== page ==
June 2011

Right now, both Yamakiya Elementary School and Yamakiya Junior High School are sharing the school building of Kawamata-Minami Elementary School. I often teach at the Yamakiya schools, and having them in Minami Elementary feels a bit strange.

Of course, in a way it's convenient because they're very close now. And, of course, Minami Elementary is a very nice school. But it's also a little sad that I can't go up to Yamakiya now.

The first time I went to Yamakiya Elementary School was on September 11th, 2007. It was the third elementary school I visited, after Fukuzawa and Ojima (both of which are now closed). When I saw the school, I was very surprised at how new and modern it was, especially compared to the nearby Yamakiya Junior High School. Of course, it's the newest school building in Kawamata (whereas Yamakiya Junior High School is the oldest).

I remember that all the students gathered together in the front hall while I was introduced. Then, I was asked to give a self-introduction to everyone. I was still a little nervous in those days, but everyone seemed so friendly and interested that I soon was able to relax.

Later that day, I taught English to the second grade class. It was the largest elementary school class that I'd taught so far, and again I was nervous at the beginning. But we all had so much fun that I was quickly cured. I was teaching the names of fruits in English, and every time I showed the class a new fruit, they would shout out the name so loudly that I thought the whole school must hear it.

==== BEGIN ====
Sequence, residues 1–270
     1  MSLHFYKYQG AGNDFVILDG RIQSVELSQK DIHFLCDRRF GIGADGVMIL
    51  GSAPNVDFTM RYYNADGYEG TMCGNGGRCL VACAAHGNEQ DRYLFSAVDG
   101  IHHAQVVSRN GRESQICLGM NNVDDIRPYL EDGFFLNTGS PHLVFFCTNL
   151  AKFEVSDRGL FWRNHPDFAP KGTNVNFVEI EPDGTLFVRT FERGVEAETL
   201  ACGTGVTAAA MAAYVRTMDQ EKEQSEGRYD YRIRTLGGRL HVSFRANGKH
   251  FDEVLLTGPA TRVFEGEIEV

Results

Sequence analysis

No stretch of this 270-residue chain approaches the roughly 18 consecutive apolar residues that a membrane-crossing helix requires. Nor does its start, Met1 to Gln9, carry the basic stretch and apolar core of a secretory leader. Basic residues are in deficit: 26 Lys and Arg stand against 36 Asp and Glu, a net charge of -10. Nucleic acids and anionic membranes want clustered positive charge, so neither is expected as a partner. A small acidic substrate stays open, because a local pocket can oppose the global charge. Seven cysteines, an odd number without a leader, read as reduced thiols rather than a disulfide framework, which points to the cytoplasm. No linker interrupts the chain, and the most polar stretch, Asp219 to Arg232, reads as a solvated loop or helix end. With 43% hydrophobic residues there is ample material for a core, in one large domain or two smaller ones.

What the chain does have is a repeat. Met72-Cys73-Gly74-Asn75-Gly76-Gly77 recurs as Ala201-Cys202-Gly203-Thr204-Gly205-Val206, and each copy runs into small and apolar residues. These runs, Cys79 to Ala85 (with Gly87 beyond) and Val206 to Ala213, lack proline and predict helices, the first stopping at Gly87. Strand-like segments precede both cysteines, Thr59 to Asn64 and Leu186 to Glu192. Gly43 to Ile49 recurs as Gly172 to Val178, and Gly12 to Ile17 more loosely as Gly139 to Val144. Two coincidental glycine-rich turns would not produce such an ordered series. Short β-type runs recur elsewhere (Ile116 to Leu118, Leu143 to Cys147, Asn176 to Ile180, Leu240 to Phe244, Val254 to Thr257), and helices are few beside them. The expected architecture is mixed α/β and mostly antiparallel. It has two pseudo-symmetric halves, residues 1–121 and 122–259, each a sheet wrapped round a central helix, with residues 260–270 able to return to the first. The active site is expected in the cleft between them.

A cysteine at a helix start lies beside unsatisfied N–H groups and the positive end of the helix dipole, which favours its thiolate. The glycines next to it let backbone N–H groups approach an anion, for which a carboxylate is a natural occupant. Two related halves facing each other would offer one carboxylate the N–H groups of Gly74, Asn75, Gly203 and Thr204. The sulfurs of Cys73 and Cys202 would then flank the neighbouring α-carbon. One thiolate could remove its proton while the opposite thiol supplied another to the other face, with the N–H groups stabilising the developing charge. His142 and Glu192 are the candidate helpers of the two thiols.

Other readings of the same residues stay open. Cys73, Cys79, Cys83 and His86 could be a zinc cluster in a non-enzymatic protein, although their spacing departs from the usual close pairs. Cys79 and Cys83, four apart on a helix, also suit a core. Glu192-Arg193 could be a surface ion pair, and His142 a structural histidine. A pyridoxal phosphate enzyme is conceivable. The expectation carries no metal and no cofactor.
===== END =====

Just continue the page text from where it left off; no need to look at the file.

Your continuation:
But I was most surprised when I showed them the picture of a peach. I held up the picture so that the peach's leaves were on top, because to me, that's the right way up. At least, I think that's how a peach grows on the tree... but all the children laughed and shouted "chigau!" [—wrong, mistaken]. They made me turn the peach upside-down so that the leaves were on the bottom. I learned later that, in Japan, that's considered the "right way up" for a peach. So the students taught me something in that class as well.

Those children are now in the sixth grade, and right now their classroom is in Minami Elementary School instead of up in Yamakiya. But my classes with them, and with the rest of Yamakiya's students, are still the same in many ways. Wherever they are, their spirit remains unchanged. I guess it doesn't really matter where they are... the heart of Yamakiya is more in its people than in its buildings.

[Yamakiya Elementary School]

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